It’s late on a Saturday morning, so the pool is full. I sit on the deck and fidget with my swimming cap and goggles, hesitating several minutes before I get into my half lane and begin swimming. I rapidly breast stroke to the end of the pool. My flip turn is fast and I push off hard. I swim two laps in quick succession, noting the speed and position of the men on either side of me. I notice the impulse to swim faster and match pace with each of them, irritably. I take a break at the end of the lane to pull at my goggles and roll my eyes. Not even five minutes.

“Fuck,” I mutter under my breath and push off again, violently. Breast stroke, four more laps, I insist to myself. At the end of the lane, a surge of water from the guy next to me pushes me slightly off course. I feel the muscles of my arms tense. Flip turn. I push off a little too late and drive myself toward the bottom of the pool. When I surface, I gasp hard for breath but keep swimming. At the end of the lap, I stand up, panting. My eyes go out of focus and I grab hard for the lane marker, startling the woman next to me. Where did she come from? I glare at the clock; I’ve been in the pool ten minutes.

I hiss and push off again, too close to my lane mate; I brush his arm underwater. I switch to freestyle; a narrower stroke. Halfway down the lane I don’t turn my head enough and get a mouthful of salt water. I reach the end of the lane, stand up and exhale sharply a few times. My vision blurs again. I shake my head and push my toes into the pool floor. I’m getting disoriented. My breathing is shallow. I can feel my eyes wide and my lips trembling. My chest feels tight. When I look up at the pool, five swimmers are all headed toward me. I know this is totally benign but my hands fly to my face and my heart thuds as I press my back into the wall. Someone flip turns. I’m going to scream.

I push off and scream under waster, surface, gasp for air. Go under, scream again into the water. I do this five times and then, weakly I finish the lap. I stop short of the wall, stand, push myself onto the pool deck and crawl to the wall where I squat between two benches, hold hard to their edges and shake. “Are you ok?” the lifeguard calls. I nod rapidly, my shoulders flexing. She thinks I’m hurt. Frightened of nothing in particular, I sit down on the floor in the puddle of pool water beneath me and see other swimmers eyeing me with concern. The lifeguard has closed the distance between us and stands at my side. “Is there anything I can do for you?” I don’t know. I tell her I don’t think so. I hear myself apologizing and admitting I’m having a panic attack. She asks if I need space. No; she’s the only thing in the room I can connect to. The other lifeguard, a man, hands me a towel which I cover my legs with. He drapes a second towel over my shoulders, hands me a bottle of water and sits on my other side. The towels feel warm, the water feels cold, and I calm down as I talk to them.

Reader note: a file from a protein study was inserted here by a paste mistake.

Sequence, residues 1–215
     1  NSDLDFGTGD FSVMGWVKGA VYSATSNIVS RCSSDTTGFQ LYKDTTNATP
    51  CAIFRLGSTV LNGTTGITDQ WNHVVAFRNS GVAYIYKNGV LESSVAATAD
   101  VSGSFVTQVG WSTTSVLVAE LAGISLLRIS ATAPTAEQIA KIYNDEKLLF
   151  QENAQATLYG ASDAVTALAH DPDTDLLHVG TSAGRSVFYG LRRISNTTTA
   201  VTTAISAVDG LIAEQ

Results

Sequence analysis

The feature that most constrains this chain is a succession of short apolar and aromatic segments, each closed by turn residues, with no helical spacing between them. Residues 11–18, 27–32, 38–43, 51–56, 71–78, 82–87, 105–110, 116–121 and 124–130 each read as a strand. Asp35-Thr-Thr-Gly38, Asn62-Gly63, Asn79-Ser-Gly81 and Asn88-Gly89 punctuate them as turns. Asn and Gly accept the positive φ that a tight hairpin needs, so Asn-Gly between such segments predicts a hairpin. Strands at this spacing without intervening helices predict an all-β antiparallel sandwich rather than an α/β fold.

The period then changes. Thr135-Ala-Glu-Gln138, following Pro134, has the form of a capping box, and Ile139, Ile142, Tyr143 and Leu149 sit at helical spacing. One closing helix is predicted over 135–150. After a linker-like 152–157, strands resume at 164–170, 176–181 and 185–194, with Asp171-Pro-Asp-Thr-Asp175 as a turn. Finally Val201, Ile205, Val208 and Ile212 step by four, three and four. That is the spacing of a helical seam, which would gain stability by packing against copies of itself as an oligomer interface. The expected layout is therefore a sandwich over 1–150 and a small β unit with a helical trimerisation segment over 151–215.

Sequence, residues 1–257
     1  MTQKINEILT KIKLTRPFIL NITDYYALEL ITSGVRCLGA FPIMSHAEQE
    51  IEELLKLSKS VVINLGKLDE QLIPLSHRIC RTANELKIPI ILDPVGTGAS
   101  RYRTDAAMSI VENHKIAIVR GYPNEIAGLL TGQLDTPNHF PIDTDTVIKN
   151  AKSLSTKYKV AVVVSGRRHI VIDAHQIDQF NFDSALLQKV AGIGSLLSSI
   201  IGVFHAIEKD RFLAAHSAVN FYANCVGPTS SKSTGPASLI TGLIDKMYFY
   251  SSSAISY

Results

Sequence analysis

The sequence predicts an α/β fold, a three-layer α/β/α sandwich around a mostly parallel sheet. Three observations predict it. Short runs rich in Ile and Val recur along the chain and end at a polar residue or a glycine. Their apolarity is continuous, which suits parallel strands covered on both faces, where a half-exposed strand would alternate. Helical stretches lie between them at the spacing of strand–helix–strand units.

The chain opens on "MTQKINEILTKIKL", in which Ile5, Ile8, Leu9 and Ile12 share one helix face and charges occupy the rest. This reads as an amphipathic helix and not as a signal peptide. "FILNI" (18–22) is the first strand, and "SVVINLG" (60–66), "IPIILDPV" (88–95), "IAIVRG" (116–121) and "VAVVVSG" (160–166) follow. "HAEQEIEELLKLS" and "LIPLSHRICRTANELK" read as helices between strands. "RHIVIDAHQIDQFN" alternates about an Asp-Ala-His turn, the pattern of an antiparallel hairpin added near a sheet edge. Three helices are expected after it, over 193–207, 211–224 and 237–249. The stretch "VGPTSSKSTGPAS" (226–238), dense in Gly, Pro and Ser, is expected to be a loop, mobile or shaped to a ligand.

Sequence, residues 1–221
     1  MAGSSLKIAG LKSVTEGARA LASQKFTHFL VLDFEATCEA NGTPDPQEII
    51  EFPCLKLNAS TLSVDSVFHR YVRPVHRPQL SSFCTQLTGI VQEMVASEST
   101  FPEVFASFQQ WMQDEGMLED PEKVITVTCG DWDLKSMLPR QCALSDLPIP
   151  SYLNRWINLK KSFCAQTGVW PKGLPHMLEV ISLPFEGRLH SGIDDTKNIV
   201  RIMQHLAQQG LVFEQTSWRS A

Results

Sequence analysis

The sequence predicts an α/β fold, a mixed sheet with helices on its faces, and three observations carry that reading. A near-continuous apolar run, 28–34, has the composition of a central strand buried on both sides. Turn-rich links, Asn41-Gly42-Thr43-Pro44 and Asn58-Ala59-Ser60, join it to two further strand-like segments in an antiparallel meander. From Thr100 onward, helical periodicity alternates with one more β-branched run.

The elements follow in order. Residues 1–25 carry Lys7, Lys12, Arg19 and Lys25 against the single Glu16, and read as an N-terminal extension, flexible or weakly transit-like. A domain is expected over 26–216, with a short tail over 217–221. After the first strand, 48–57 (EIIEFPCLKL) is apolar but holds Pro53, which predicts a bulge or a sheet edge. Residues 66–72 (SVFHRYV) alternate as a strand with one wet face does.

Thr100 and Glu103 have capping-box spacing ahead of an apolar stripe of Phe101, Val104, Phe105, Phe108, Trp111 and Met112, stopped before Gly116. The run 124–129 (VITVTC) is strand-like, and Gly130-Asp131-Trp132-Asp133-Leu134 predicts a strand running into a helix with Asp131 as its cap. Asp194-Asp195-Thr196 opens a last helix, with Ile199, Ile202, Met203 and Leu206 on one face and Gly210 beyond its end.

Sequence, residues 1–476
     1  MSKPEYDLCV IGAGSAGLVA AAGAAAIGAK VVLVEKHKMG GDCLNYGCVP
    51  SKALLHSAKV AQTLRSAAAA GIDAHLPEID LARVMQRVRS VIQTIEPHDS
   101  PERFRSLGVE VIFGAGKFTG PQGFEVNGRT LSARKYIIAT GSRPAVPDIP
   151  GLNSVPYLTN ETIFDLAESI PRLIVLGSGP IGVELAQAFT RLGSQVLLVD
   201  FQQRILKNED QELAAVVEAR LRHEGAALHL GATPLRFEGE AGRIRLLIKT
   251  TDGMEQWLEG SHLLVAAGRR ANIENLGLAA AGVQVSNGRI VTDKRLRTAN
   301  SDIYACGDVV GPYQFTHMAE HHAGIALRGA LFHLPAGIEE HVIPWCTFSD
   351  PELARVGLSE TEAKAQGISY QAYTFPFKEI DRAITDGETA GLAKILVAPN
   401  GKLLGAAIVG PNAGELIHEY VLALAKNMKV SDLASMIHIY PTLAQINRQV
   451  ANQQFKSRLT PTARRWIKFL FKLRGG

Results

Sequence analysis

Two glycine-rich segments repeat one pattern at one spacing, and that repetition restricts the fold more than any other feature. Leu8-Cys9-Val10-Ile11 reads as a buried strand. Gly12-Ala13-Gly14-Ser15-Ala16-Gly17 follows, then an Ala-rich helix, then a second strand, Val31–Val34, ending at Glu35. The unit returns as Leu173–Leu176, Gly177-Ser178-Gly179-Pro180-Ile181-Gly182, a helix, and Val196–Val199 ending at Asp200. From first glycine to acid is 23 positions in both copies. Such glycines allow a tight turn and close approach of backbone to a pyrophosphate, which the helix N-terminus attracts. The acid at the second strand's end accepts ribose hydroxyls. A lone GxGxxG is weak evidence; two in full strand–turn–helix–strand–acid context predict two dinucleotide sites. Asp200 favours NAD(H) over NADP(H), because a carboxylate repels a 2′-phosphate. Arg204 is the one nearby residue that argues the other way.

I meant to do an hour in the pool then meet friends at an open barn. At the goat farm where I married my abuser. Which I will damn well still be doing because if there’s one thing I hate about PTSD, it’s feeling defeated by it (and also because I love goat babies). I walk slowly from the pool, shower, and make the drive to Siler City. It’s crowded, so I wait in my car until my first friend arrives.

We go to the barn and a volunteer places a five day old baby goat in my arms. She wriggles a little, looks around, then calms down and falls asleep in my arms. I sit on an overturned bucket. The goat sprawls in my lap, lips curling in her sleep. Noisy children and charmed adults cycle through, taking pictures with the other babies, holding them until they cry and are returned to their enclosure. It’s chaos outside my corner of the barn. I do what you do with a sleeping infant in your arms–I rest quietly for the two hours she naps. It is not lost on me that this sleeping baby has ensured I recover from the panic attack; I stroke her back softly.

Before leaving, I stop and stand beneath the tree where I married my abuser. It’s just short of a year since I left, and I am changed–living takes everything I’ve got. My friend takes a picture of me standing there, unsmiling, defiant. I keep going.

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